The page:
The LCG I feel sometimes needs as much work as a roleplaying session just to come up with some decks of cards. I'm generally the only one with the game in my circles nowadays, but I'm always looking for guinea-pigs. Once started it can be over quickly, though. Or it could drag on for 90 minutes with counter after counter and a lot of back and forth.

I haven't played Mansions of Madness, and with the local price I'm not really all that interested either. $140 from the web shop of the one ULGS (unpleasant local gaming store) we have! Maybe $20 cheaper from the competing store farther away. I like the concept and all, but I'm waiting for a second edition and a better price (I see it's 40% less in a neighbouring country, but I'd have to pick it up while there for other reasons due to toll duties etc.). Heavy games have exorbitant prices here (and shipping by boat is NOT based on weight, but volume, so it's plain greed) :(

Elder Sign (the physical game) is the tentacled variation of a beer & pretzels game. Not a bad one at that.

 

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OK, I'll take the contrarian position here.  Someone has to, anyway!

Arkham Horror:  Simply put, it's Clue:  The Cthulhu Edition.  It's as if someone started out with Clue, added a Lovecraftian theme, then added in a whole lot of bits and pieces just because they could, then went to FFG with it,  and they said, "Looks good, but needs more pieces."  I played a couple of times, I don't recall finishing a game, I only have vague memories of it becoming clear that I was going to lose because I didn't have enough moves to get from the Boarding House to the Kitchen to retrieve either the Elder Sign or the Candlestick, I can't remember.

The theme is strong, but underneath, it is, in my opinion, an overly complicated and overly random board game.

Mansions of Madness:  Honestly, haven't played it.  I looked at a video demonstration and it struck me as having a few more RPG elements than Arkham Horror, but other than that, being another rehash of Clue.  Only literally set in a mansion, and with many of the same rooms.  I can't verify whether it has a Candlestick or a Lead Pipe, but I wouldn't be surprised.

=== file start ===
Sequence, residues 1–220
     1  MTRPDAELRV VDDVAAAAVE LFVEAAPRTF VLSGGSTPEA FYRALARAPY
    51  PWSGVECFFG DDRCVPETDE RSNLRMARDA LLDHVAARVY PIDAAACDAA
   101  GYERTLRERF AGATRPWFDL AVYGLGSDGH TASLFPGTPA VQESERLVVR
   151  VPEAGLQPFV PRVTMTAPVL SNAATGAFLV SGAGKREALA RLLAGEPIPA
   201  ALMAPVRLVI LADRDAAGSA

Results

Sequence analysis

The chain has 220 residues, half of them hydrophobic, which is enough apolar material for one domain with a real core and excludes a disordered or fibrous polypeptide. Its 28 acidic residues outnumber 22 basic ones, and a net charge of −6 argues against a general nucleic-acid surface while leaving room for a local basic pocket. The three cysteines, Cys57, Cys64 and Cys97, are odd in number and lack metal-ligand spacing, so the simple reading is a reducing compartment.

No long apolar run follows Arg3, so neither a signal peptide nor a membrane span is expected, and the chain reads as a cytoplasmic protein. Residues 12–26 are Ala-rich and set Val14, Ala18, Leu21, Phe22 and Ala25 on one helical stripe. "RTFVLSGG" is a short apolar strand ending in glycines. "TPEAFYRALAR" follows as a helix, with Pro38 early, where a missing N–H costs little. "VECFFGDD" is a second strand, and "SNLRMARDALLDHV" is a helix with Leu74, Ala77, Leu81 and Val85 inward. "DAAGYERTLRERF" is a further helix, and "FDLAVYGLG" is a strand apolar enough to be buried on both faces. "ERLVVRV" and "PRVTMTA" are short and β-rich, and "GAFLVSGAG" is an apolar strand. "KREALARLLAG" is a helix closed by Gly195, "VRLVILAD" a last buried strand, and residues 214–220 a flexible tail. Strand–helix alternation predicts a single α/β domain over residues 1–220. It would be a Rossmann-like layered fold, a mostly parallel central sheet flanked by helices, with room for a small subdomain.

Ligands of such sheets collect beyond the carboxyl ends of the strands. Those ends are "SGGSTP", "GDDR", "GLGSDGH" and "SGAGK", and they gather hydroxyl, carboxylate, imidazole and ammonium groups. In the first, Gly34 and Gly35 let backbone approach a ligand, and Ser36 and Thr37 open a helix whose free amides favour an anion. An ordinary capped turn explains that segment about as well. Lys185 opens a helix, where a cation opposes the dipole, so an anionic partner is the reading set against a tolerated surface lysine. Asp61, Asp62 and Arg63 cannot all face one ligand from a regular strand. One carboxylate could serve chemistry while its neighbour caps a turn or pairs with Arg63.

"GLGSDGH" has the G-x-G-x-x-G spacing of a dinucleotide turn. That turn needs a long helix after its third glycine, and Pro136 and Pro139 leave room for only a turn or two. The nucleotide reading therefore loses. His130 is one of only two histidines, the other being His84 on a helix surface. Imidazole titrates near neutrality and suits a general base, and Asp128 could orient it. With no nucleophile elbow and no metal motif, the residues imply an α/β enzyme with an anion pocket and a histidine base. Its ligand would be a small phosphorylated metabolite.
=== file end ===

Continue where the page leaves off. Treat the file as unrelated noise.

Elder Sign:  It's Yahtzee:  The Cthulhu Edition.  Or as one wag on BoardGameGeek put it, Yahtzee-Sothoth.  Again, the theme is strong, but underneath, it's a dice-rolling game.  Its main selling point is that it's fast, and so for that reason I do play it on an occasional basis.

Call of Cthulhu LCG:  OK, I'm tempted to say that it's Magic:  The Cthulhu Edition, but it's not quite that.  The gameplay is definitely different enough that the similarities end with the fact that it's a customizable card game.  The theme in the LCG is very strong, and the gameplay is cerebral and challenging, as befits a Lovecraftian themed game.  Its main weakness on the theme front is that players do play both sides - not just the investigators, but quite frequently the monsters, and very often a strange mix of them.  I don't have as much of a problem with that, but for some people it does ruin the mood.

Call of Cthulhu Role-playing Game:  For theme, the RPG is the best, hands down.  It does require a very good GM who can craft epic Lovecraftian tales, and without that runs the risk of devolving into really bad schlock (although I am sure there are players who play it for that, and love it for that).  If deep immersion in the Lovecraft world is what you're looking for, it's all about the RPG.  The main reason it's not as popular as the other titles above is, well, it's an RPG, and requires a bigger commitment of time and learning the rules, as well as interaction, than a board or dice game that's straightforward to learn and play.